Members of the polygamous Singer-Swapp clan rejected plea bargain offers that would have imposed less severe penalties than those they face following their convictions by a federal jury, attorneys say.
Defense attorneys met with prosecutors on the eve of the clan's 13-day trial to discuss plea agreements after U.S. District Judge Bruce Jenkins asked counsel to explore the possibilities of settlements, Utah U.S. Attorney Brent Ward said."Although at first it appeared there was a possibility of reaching agreement with one or more of the defendants, the door quickly closed and it was apparent they didn't want to discuss things any further," he said.
Last week, the jury returned guilty verdicts against Vickie Singer; her son, John Timothy Singer; her son-in-law, Addam Swapp; and Swapp's brother, Jonathan, on 20 of 23 counts stemming from the Jan. 16 bombing of an LDS stake house and the subsequent police standoff at the Singer farm in Marion, Summit County.
The prosecution offers called for "substantial prison terms," Ward said, but the penalties were less severe than for conviction on all counts.
Considerably less severe in the case of Vickie Singer, who turned down an offer that would have resulted in a prison term of less than five years, said her co-counsel, Steve Russell.
Singer, 45, now faces 10-12 years in federal prison after being found guilty of aiding and abetting in the bombing of the Kamas Stake Center, use of a bomb, resisting and assaulting federal agents, use of a deadly weapon and possession of an unregistered bomb.
Under the proposed plea bargain, prosecutors were willing to drop all charges except the resistance count and guarantee the dismissal of any state charges stemming from the bombing and standoff, Russell said.
They also agreed to allow Singer to serve her time in one of the milder "club fed" prisons in California and arrange the sentences so that the wheelchair-bound John Timothy Singer could serve his time at the same facility as his mother, Russell said.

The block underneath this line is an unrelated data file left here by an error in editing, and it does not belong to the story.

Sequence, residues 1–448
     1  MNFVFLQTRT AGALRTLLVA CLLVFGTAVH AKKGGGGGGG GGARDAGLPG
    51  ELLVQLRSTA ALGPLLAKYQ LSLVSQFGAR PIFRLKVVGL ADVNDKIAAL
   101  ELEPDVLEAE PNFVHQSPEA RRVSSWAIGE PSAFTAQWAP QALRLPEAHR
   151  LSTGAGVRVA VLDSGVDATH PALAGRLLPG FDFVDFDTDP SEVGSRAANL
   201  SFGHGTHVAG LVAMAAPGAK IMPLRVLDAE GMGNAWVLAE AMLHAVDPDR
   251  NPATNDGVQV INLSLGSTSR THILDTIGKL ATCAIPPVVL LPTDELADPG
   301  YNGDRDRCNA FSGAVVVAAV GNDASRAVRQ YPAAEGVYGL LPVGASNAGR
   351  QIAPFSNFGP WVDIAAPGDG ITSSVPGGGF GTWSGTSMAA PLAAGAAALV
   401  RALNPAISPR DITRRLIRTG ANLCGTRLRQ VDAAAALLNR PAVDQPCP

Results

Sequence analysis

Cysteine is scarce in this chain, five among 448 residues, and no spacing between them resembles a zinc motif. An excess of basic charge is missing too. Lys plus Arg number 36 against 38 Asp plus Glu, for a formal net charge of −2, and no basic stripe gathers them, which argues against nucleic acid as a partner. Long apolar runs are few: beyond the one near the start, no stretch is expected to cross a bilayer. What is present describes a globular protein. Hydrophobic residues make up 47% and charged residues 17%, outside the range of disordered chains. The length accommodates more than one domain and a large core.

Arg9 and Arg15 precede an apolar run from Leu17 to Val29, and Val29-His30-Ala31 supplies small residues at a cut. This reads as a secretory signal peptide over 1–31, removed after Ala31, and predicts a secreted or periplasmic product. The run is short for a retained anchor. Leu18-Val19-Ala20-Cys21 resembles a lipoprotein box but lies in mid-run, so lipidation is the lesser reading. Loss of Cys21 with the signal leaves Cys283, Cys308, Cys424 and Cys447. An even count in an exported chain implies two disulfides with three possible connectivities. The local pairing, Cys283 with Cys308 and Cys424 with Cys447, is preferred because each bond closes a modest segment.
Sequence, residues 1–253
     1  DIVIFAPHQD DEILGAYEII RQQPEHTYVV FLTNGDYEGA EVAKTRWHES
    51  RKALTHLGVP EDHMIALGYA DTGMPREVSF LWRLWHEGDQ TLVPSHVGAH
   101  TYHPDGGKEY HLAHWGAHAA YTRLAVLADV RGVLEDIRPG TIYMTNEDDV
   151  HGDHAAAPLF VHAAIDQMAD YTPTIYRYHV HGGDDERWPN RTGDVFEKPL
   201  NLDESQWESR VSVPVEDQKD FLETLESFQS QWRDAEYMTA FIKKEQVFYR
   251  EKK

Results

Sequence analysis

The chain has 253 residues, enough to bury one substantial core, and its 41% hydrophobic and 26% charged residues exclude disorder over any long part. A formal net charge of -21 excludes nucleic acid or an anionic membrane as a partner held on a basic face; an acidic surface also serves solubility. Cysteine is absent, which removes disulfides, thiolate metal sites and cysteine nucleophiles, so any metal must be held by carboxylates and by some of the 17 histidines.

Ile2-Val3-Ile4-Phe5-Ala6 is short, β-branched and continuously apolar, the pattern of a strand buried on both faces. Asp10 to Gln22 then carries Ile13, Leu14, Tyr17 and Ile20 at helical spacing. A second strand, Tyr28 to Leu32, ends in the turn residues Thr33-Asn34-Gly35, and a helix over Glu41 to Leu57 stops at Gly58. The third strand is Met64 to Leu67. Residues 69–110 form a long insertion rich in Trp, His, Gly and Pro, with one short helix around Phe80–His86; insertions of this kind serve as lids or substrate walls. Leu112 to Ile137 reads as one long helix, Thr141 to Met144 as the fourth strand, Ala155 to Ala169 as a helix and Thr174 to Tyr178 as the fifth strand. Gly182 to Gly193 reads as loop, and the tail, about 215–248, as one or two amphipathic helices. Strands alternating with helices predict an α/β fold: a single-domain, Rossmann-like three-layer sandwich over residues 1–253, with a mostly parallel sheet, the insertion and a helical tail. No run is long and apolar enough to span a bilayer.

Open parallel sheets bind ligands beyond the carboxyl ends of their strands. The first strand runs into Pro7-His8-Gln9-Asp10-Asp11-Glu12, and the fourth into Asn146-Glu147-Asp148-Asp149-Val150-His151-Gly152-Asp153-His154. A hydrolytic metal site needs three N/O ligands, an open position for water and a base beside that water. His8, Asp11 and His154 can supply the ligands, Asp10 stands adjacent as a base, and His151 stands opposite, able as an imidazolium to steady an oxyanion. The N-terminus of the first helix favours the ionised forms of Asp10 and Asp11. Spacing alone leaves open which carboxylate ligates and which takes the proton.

"The aggregate she would've been looking at was less than five years. It was a good offer," he said.
John Timothy Singer's attorney, Fred Metos, declined to discuss the plea bargains, and lawyers for Addam Swapp could not immediately be reached. However, Bruce Savage, representing Jonathan Swapp, said all four defendants received offers, and his client's terms were similar to Vickie Singer's.
Both Savage and Russell indicated the family nixed the offers for religious reasons at the prodding of Addam Swapp.
"We tried numerous times to convince Vickie that it was in her best interests to do it, obviously without success," Russell said. "It was our unrestrained advice to accept the offer for her own good and the good of her family, and she just wouldn't do it. I think at one point she was willing to do it, and Addam talked her out of it."
"I know that the deals were eventually all turned down because they got together and had a prayer meeting or something," Savage said. "You can imagine my incredible frustration."
Sentencing hearings for all four defendants were scheduled for July 1.
Addam Swapp, convicted of the church bombing, use of a bomb, possession of a bomb, second-degree attempted murder, resisting and assaulting agents and two counts of use of a deadly weapon, faces about 15 to 20 years in prison, prosecutors have said.
Jonathan Swapp and John Timothy Singer face 10 to 12 years for their convictions of second-degree attempted murder, assault-resistance and two firearms violations.
The four likely will serve their terms in separate federal prisons, Ward said.
Still ahead for an unspecified number of the defendants are state murder charges stemming from the shooting death of state Corrections Lt. Fred House, who was gunned down Jan. 28 in the shootout that ended the 13-day siege.
The Utah attorney general's office still intends to file homicide charges next week, although Associate Deputy Attorney General Paul Warner said this week that "a couple things developing" could change that.
Warner declined to elaborate on the new developments, except to say they were "purely related to the timing of the filing of the charge."
Metos, whose client is the state's prime suspect in House's death, said the state cannot take the case to court until the defendants have been sentenced in the federal case.
"That's essentially correct, which is part of the consideration in my saying things may change," Warner said.